Coach’s Corner: Is Sunlight Your New Supplement?

Jeni O'Neill

April 19, 2022

Sunlight in reflecting in the woods

How much sunlight have you seen today? If you would like to improve your sleep, mood, immune function, or regulate your appetite, this post is for you.
Have you ever thought about sunlight as a necessary element for good health? We all intuitively know that sunlight is energizing and mood-lifting and Dr. Hartman has stressed the importance of sunlight to allow our bodies to make vitamin D. Current research is also revealing other ways in which sunlight brings us health and vitality.
In today’s world, we can easily spend our entire day inside and never see the sun, which can disrupt our bodies natural rhythms. Even when we are driving, we are insulated from the sun’s rays with UV-limiting glass.
When these rhythms are disrupted, we see:

  • Reduced immune function
  • Altered metabolism
  • Mood issues
  • Sleep disruptions

Sunlight sends information to our bodies through specific cells in our eyes, providing metabolic, hormonal, and immune-boosting benefits.


Sunlight resets our circadian rhythm and regulates sleep.

Is it possible that our insulation from daily sunlight can be contributing to our insomnia epidemic?

Getting outside in natural light soon after waking helps to set your biological clock. Even on a cloudy day or under shade, we are exposed to enough photons to activate the light-sensing neurons in our eyes. Artificial lights and sunlight viewed through a window do not seem to have the same effect.
We’re meant to be exposed to moderate amounts of sunlight during the day – on our skin and in our eyes – and we are not designed to be exposed to bright lights at night. Light is our primary time-giver, setting our circadian clock.
Melanopsin receptor cells in the bottom part of our eyes actually send messages to all of our cells setting our “time” and letting our bodies know when to produce cortisol or melatonin. When we don’t get these messages from sunlight, our bodies can get out of sync and produce these hormones at inappropriate times, making us alert when we should be sleeping or vice versa.
Fascinating new research is finding that our eyes even measure the angle of light in the morning and evening – giving further cues to our bodies about the sleep/wake rhythm as well as cortisol and melatonin levels.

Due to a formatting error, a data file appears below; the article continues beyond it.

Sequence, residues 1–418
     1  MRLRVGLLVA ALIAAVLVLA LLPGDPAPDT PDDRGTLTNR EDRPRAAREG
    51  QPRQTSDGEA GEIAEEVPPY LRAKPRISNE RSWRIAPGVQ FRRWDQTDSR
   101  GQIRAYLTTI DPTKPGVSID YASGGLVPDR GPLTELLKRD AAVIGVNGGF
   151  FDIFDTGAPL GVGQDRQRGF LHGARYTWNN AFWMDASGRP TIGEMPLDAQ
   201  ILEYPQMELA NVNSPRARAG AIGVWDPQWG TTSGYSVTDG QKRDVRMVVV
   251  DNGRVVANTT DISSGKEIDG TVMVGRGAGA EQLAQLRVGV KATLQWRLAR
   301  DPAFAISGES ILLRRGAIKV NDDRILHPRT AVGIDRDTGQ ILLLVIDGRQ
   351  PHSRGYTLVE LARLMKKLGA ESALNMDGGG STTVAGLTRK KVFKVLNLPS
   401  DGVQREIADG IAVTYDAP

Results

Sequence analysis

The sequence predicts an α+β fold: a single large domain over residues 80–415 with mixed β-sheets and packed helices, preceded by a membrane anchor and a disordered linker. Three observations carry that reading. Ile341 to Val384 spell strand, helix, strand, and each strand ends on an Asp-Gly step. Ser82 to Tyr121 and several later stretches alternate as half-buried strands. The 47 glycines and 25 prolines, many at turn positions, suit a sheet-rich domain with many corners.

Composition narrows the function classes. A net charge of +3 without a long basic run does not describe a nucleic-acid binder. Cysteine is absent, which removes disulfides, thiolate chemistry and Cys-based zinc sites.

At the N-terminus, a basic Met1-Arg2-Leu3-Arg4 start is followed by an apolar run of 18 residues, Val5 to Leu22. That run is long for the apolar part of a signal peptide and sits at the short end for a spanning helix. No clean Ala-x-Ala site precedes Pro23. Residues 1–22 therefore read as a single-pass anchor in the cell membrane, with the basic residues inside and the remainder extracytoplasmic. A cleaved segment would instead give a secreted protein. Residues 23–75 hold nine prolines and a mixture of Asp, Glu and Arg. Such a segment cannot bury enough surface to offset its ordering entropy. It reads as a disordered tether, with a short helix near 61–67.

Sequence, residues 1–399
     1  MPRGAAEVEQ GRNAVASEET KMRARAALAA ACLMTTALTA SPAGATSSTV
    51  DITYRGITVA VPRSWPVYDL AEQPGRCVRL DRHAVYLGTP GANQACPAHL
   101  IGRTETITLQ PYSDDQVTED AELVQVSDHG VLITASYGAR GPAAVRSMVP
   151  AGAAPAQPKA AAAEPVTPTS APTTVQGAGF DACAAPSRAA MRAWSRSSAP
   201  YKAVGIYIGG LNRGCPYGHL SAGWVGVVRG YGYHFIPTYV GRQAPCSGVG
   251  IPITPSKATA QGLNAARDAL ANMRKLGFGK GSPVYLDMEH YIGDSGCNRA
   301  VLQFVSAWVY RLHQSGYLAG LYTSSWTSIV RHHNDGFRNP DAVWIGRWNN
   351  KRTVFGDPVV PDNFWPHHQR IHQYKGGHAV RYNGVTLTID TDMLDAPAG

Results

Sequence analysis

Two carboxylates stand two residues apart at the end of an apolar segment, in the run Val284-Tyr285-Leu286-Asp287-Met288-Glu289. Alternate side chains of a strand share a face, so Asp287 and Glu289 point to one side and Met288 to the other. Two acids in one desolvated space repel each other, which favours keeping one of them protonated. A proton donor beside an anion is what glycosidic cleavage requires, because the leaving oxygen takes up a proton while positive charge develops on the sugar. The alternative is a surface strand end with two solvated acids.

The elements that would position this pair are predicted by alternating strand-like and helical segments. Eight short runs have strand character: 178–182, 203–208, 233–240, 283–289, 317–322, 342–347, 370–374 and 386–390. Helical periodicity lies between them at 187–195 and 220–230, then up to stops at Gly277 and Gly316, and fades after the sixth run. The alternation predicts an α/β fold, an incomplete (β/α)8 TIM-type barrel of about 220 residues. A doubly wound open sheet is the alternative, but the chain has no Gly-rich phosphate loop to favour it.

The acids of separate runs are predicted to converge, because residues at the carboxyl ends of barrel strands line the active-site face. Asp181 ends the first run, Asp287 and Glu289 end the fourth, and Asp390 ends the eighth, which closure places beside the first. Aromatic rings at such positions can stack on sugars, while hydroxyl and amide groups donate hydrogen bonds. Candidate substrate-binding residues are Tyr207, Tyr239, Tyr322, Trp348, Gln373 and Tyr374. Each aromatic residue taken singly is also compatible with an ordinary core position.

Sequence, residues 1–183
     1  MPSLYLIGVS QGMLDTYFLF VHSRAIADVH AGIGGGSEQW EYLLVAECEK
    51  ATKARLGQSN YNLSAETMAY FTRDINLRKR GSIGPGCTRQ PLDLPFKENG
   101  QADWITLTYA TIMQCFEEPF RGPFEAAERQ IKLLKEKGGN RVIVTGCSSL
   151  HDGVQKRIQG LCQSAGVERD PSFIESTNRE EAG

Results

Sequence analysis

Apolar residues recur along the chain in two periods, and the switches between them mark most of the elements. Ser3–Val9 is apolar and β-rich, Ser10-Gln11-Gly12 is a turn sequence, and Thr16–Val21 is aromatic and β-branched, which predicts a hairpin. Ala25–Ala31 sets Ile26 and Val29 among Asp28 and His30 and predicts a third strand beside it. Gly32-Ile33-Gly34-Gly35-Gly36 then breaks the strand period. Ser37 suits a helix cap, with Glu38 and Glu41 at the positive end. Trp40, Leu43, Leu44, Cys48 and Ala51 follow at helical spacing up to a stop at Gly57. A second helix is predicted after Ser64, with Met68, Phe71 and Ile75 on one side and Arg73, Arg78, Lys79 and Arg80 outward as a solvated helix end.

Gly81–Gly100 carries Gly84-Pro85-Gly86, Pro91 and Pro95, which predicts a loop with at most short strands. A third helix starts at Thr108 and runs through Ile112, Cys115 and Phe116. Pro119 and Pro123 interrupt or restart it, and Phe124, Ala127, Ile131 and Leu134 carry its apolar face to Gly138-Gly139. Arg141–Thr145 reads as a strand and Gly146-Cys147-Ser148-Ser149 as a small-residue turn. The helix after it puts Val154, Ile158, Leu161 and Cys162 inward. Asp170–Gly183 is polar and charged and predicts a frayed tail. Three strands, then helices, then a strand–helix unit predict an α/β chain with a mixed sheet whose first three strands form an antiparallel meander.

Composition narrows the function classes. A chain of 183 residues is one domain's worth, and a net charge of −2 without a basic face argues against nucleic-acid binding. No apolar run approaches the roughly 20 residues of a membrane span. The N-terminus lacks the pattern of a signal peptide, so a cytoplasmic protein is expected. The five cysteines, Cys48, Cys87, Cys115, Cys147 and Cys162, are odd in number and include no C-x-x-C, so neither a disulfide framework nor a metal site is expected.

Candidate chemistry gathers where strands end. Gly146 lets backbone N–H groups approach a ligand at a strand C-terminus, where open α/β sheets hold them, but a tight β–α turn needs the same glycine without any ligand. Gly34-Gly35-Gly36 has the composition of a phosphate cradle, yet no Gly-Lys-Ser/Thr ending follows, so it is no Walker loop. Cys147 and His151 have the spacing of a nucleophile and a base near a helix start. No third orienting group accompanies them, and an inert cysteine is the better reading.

Getting sunlight during the day may also improve mood.

The science of how exactly this happens is still emerging. But it is not news to anyone that being outside and feeling the sun improves the mood. I’ve seen Dr. Hartman use this quote here before, and it bears repeating:

If you’re in a bad mood, go for a walk. If you’re still in a bad mood, go for another walk. – Hippocrates



Sunlight exposure to the eyes can help regulate appetite

Have you ever noticed that you feel less hungry on days that you spend more time outside? This is not simply because of your distance from the refrigerator.
When our eyes are exposed to UV light, we actually make melanocyte-stimulating hormone (MSH) which affects our appetite. The increase in MSH also leads to a reduced appetite in the summer months. Getting outside during the day can help us keep our appetite in a healthy range.

Sunlight can boost your immune system

Dr. Hartman has talked a lot about the immune-boosting effects of vitamin D here on the blog. We know that exposing our skin to natural sunlight (in moderation) helps our bodies make vitamin D and can reduce our risk of infections, insulin resistance, type 2 diabetes, cardiovascular disease, cancer, and more. Even beyond the effects of vitamin D, new research is finding that our bodies respond to sunlight by making our infection-fighting T cells more active.


Sunlight sends important information that:

  • Sets circadian rhythms
  • Improves mood
  • Regulates appetite
  • Improves immune function

These benefits are even in addition to the health-promoting effect of vitamin D and the stress-reducing (and cortisol-lowering) effects of simply being outside in nature.
Grandma didn’t need to know that the light-sensing neurons in our eyes help control mood, hunger, sleep, immunity, and metabolism. She didn’t need to understand the role of her vitamin D levels or T cell mechanisms. She just intuitively knew that fresh air and sunshine were health-promoting. And she was right, of course! We intuitively know it too, but sometimes it is motivating to be able to answer our inner three-year-old’s question: Why?
So, if it helps you to think about your T cells, or your circadian clock when you’re deciding to sit at your desk at lunch or go outside and get some fresh air and sunlight, now you have a few more reasons to opt for that walk. Exposure to natural light, sprinkled throughout your day, is definitely good medicine. It doesn’t take long – just 15 minutes in the morning, 10 minutes around mid-day, and 10 minutes in the evening on a regular basis can make a big difference in how you’re sleeping, your immune function, how hungry you feel, and in your mood.
There’s a reason that it feels so good to step outside and feel the sun on your face. It’s delightful when something that feels indulgent is so great for our health. So, go drink up a little sunshine today.
Since 2010, Richmond Integrative and Functional Medicine has been helping people to restore their health and hope with an integrative approach to conventional and alternative medicine that’s entirely science-backed. We at RIFM believe everyone is made for health. We offer a comprehensive, in-person patient membership program to ensure you get access to the care you need to thrive.


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